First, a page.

July 2 (Bloomberg) -- Indonesia is marketing its debut euro-denominated bonds to tap lower borrowing costs after the European Central Bank cut key interest rates.
The nation is selling 1 billion euros ($1.4 billion) of seven-year securities, expected to be priced at 195 basis points above the euro mid-swap rate, said a person familiar with the transaction who asked not to be identified as the matter is private. The offer comes as Chile’s Codelco, the world’s largest copper producer, also taps the euro debt market, according to a person with knowledge of the deal.
Indonesia, which will hold a presidential election on July 9, needs to raise funds to finance a 2014 fiscal deficit targeted at 2.4 percent of gross domestic product, which was increased from 1.69 percent last month. The ECB cut its benchmark interest rate to a record-low 0.15 percent and introduced negative deposit rates on June 5, while the Federal Reserve has kept paring a bond-buying program that spurred fund flows to emerging markets.
“It’s smart of Indonesia to tap the euro market now as the ECB’s easing bodes well for demand,” said Ezra Nazula, head of fixed-income at PT Manulife Aset Manajemen Indonesia in Jakarta, who oversees about 24 trillion rupiah ($2 billion) of assets. “The trend for dollar yields is up, while euro yields should remain low. This is the government’s way of responding to this.”
The premium investors demand to hold 10-year U.S. Treasuries over similar-maturity euro mid-swaps surged to 1.13 percentage points today, compared with 0.87 percentage point at the end of last year, according to data compiled by Bloomberg.
Codelco expects to raise 600 million euros of 10-year notes at 93 basis points above the euro mid-swap rate, according to the person who asked not to be identified because they were not authorized to speak publicly about the deal. The company, owned by the Chilean government, is rated A1 at Moody’s Investors Service, five levels higher than Indonesia. The Indonesian premium has gone down from an earlier estimate of 225 basis points, suggesting strong demand for the offer.
Indonesia’s government sold $4 billion of 10- and 30-year dollar-denominated securities in January at yields of 5.95 percent and 6.85 percent.
The country’s global bonds have returned 10.2 percent this year, the best performance after Pakistan among 12 Asian emerging markets compiled by HSBC Holdings Plc. The yield on Indonesia’s 4.875 percent dollar securities due May 2021 has fallen 103 basis points, or 1.03 percentage points, this year to 4.02 percent, according to data compiled by Bloomberg.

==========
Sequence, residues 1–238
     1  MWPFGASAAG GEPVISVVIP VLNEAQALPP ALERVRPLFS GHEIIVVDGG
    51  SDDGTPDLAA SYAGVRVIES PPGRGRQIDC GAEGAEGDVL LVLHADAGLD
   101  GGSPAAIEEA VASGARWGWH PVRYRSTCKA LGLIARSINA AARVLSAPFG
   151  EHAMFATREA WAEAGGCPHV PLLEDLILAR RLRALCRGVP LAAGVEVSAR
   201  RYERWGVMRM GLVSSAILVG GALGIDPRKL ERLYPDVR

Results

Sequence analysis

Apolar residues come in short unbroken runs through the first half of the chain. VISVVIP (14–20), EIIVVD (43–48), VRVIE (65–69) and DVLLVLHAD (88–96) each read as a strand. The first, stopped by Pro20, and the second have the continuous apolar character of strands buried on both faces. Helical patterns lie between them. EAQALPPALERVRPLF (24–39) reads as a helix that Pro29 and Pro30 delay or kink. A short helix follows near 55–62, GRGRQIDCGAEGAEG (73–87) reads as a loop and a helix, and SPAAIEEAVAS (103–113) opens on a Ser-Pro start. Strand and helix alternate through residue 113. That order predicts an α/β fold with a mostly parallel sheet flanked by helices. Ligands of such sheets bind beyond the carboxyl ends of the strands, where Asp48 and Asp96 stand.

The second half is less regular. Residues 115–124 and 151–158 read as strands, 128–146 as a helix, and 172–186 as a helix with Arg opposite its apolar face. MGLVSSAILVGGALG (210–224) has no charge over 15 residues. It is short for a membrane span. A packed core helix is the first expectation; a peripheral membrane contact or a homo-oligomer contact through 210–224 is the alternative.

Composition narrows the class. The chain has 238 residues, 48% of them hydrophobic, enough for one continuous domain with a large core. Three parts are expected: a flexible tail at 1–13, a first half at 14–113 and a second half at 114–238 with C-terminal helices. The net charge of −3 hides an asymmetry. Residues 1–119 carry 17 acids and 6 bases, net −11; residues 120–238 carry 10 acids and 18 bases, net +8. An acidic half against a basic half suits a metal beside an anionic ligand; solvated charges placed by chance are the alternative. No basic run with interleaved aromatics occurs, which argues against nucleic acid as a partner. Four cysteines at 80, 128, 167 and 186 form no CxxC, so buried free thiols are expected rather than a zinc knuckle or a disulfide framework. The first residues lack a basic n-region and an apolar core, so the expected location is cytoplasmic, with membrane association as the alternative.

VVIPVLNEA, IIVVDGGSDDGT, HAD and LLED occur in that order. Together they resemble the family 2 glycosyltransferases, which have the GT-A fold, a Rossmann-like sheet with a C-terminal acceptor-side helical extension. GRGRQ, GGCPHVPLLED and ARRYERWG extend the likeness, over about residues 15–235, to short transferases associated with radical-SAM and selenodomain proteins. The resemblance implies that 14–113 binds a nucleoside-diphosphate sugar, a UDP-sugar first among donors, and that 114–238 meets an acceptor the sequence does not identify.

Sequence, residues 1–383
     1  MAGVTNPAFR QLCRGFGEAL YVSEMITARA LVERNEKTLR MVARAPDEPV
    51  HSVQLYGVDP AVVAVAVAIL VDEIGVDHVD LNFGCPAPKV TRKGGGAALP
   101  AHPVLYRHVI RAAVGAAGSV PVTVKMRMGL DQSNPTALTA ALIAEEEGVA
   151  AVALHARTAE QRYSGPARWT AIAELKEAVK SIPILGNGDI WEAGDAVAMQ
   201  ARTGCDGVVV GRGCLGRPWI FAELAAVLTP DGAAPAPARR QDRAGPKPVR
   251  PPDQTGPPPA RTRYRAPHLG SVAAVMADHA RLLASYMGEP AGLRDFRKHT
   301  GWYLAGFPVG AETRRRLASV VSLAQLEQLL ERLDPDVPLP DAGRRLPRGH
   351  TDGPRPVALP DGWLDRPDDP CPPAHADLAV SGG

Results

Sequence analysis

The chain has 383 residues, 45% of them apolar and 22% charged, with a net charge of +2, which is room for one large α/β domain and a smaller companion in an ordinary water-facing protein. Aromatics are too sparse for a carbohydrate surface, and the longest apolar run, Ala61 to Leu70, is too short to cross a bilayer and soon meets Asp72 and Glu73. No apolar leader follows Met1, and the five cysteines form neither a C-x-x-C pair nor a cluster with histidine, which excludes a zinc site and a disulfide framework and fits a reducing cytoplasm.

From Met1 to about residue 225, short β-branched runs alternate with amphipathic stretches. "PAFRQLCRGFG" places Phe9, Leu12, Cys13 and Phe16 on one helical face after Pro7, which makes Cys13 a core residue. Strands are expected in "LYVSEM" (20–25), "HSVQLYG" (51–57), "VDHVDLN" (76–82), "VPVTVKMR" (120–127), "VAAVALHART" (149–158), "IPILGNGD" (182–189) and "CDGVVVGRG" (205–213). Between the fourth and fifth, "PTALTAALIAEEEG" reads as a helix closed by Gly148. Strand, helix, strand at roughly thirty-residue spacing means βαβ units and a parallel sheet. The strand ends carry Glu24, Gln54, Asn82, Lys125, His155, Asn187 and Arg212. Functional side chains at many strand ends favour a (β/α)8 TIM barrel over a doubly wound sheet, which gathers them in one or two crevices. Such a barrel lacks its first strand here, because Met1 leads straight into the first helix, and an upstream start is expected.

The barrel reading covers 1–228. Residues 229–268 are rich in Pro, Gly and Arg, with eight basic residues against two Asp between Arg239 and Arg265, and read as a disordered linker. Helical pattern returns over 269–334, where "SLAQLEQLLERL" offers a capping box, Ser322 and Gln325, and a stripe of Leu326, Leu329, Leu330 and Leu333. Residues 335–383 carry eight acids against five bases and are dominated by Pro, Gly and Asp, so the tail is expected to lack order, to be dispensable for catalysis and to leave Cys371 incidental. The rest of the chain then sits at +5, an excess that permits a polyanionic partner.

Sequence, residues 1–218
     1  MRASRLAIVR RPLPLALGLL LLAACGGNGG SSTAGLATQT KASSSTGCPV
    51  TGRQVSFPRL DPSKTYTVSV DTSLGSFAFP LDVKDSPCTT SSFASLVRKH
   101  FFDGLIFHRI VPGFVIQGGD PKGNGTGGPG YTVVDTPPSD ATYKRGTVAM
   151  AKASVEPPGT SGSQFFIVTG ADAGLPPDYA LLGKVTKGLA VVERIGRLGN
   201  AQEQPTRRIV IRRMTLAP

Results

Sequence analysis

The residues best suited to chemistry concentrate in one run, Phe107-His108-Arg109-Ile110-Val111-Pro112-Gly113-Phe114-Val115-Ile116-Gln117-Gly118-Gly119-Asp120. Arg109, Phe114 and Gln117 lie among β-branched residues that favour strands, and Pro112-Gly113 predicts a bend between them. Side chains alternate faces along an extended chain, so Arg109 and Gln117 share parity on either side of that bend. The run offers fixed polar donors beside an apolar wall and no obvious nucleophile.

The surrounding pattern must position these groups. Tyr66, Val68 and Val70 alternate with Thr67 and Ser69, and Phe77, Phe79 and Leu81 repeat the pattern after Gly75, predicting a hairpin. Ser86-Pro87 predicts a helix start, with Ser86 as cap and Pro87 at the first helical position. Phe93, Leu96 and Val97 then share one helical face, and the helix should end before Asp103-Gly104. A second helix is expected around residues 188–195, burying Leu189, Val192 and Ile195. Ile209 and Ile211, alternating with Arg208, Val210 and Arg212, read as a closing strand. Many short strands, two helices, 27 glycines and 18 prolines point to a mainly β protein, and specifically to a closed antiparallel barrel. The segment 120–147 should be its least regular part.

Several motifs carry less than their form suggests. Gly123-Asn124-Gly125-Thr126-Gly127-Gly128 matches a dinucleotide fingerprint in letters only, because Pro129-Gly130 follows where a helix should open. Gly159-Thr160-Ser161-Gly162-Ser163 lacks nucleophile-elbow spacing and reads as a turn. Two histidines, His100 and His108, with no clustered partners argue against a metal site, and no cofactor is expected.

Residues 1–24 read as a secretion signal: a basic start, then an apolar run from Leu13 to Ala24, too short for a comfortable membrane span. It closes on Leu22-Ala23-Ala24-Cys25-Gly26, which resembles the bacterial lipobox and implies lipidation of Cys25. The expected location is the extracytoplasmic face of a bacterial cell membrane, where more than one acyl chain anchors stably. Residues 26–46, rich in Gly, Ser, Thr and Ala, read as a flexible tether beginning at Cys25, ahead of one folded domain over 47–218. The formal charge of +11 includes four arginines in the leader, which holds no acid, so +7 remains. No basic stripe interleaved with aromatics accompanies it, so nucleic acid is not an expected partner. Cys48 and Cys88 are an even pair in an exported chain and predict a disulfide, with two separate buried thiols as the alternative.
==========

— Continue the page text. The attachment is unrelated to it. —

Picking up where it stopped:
Sovereign debt from Southeast Asia’s largest economy is rated at the lowest investment grade by Fitch Ratings and Moody’s, while Standard & Poor’s has kept it at the highest junk level. Fitch reaffirmed its rating in a statement today, saying it assumes an orderly presidential election next week when Indonesians head to polls to choose between non-active Jakarta Governor Joko Widodo and former army general Prabowo Subianto.
Some 56 percent of 70 investors surveyed by Deutsche Bank AG said they would sell the nation’s assets, while 13 percent would buy, should Prabowo win the election, according to a report dated June 9. A victory by Widodo would prompt 74 percent to buy and 6 percent to sell.
“The issuance would serve as a good barometer of how investors see Indonesia’s outlook this close to next week’s election,” said Wellian Wiranto, an economist at Oversea-Chinese Banking Corp. in Singapore. “The choice of euro to fill the gap is not accidental of course.”
Indonesia’s economy expanded 5.21 percent in the first quarter from a year earlier, the slowest pace since the three months ended September 2009, official data show. Inflation eased to 6.7 percent in June, after staying above 7 percent since July 2013, while exports have declined in four of the first five months of the year.
The country has sold 249 trillion rupiah of debt in the first half of 2014, or 58 percent of a record gross issuance target of 423.7 trillion rupiah, data compiled by Bloomberg show. The finance ministry aimed to “frontload” bond sales in the first half to secure funding needs before the election, Robert Pakpahan, director general at the debt management office in Jakarta, said in January.
The government hired Bank of America Corp., Citigroup Inc. and Deutsche Bank AG to manage the euro bond sale, Pakpahan, said June 12. The nation intends to sell global Islamic bonds this year and is also considering a yen-denominated offer, he has said in the last two months. The euro-denominated sale is aimed at reducing Indonesia’s reliance on dollar debt as the Fed started to unwind its stimulus program, Pakpahan said in a Jan. 22 interview.
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